10.29.2010

Prison privatization, political economy, and interest group creation


NPR has a great ongoing series exploring how privatization can have extraordinary externalities, namely the role of private prisons in the drafting of Arizona's immigration law:
Thirty of the 36 co-sponsors received donations over the next six months, from prison lobbyists or prison companies — Corrections Corporation of America, Management and Training Corporation and The Geo Group.

By April, the bill was on Gov. Jan Brewer's desk.

Brewer has her own connections to private prison companies. State lobbying records show two of her top advisers — her spokesman Paul Senseman and her campaign manager Chuck Coughlin — are former lobbyists for private prison companies. Brewer signed the bill — with the name of the legislation Pearce, the Corrections Corporation of America and the others in the Hyatt conference room came up with — in four days.

Brewer and her spokesman did not respond to requests for comment.
This is an excellent example of why economics is both an extraordinary tool for analysis but also one that is easily abused. The primary argument for privatization almost always comes down to one of efficiency: the public sector is slow, it's bloated, taxpayers pay $1000 for toilet seat installation, etc. That is not a concern to be belittled, and removing all constraints and checks from public sector workers is clearly a horrible idea.

But the flip side is that there are deep political economy concerns any time you privatize the provision of a public good. The incentives society as a whole faces (i.e., let's *not* incarcerate everyone all the time) are the exact opposite of what a for-profit prison faces (from the article: "They talk [about] how positive this was going to be for the community," Nichols said, "the amount of money that we would realize from each prisoner on a daily rate."). Since politicians respond to incentives, too, and for-profit companies have money to spend on campaign donations, political ads, etc., an already difficult problem is made much more complex (and, I'd argue, welfare decreasing) by following a simple welfare-enhancing efficiency argument.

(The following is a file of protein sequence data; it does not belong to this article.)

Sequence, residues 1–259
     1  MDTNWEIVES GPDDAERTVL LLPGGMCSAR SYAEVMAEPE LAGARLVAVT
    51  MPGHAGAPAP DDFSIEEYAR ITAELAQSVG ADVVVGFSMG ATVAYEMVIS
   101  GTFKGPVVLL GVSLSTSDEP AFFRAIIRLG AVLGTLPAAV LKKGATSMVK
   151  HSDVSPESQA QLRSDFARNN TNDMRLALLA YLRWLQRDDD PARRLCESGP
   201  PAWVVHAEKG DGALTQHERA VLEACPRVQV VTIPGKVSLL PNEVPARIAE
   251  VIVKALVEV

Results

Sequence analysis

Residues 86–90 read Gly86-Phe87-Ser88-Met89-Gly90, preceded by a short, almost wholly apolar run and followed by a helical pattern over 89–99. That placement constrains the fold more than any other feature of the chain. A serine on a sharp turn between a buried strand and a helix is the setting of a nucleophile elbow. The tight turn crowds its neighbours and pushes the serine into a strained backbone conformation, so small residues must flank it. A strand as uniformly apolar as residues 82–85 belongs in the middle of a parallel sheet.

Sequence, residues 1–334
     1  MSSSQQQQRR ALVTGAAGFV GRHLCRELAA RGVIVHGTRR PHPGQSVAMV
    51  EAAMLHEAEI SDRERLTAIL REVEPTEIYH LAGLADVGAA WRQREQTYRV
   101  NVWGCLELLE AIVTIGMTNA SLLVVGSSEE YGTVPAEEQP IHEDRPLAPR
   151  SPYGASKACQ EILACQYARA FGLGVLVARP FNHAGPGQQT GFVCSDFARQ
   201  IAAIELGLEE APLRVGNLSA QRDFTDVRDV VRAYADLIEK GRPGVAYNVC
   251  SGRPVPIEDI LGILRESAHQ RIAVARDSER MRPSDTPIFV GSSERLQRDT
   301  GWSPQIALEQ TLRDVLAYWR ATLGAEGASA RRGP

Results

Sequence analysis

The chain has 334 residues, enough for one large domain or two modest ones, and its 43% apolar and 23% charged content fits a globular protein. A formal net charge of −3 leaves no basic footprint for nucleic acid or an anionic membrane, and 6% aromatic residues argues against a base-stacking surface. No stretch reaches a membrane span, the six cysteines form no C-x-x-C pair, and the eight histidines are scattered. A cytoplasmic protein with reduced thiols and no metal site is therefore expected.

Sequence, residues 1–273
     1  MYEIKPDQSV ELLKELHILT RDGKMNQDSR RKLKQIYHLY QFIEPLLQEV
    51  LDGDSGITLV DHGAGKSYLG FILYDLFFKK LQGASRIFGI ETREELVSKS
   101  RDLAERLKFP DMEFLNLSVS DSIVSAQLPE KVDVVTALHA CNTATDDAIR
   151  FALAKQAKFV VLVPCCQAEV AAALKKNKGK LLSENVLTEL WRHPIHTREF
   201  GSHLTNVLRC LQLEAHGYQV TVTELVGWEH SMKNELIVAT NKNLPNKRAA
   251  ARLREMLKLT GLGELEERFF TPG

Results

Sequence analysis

Now, the flip side of the flip side (since I doubt most people reading a "sustainable development" blog are hungering for privatization) is that the same argument applies for all organized interest groups, not just private ones. This is very similar to the classic argument against unions, for example: New York's widely disliked (even by a lot of teachers) United Federation of Teachers is able to exert a huge amount of political pressure to support policies that are almost certainly harmful to educational outcomes, e.g., making firing bad teachers extraordinarily hard. The problem is the same: once an interest group comes into existence it will do its best to influence policy in its favor.

So what do we do? Legitimately, I think the two solutions are the obvious, difficult ones: transparency in campaign finance and mobilization of counter-interest groups. The first is hard for all of the obvious reasons (including most organized interest groups being against it) and the second is hard because often the counter-interest faces not just asymmetric funding (there's no private interest in keeping people *not* in prisons) but also a fundamental public goods problem: damages tend to be dispersed and costs of abatement concentrated, so anyone joining the counter-interest is either going to be doing it altruistically (e.g., a non-profit), because they were one of the unlucky few who got hit with particularly concentrated damages (e.g., the family of someone unjustly imprisoned), or because they reap some metabenefit (e.g., the NPR reporters covering this story) .

Which is to say, surprise, it's a fairly intractable and complex problem. If there's a lesson to extract I think that it is, as it so often seems to be, to always think about how incentives align, especially before you make large, difficult-to-reverse decisions. In particular, I think it's important to remember that creating a monied interest group is one of the most difficult-to-reverse decisions there is.

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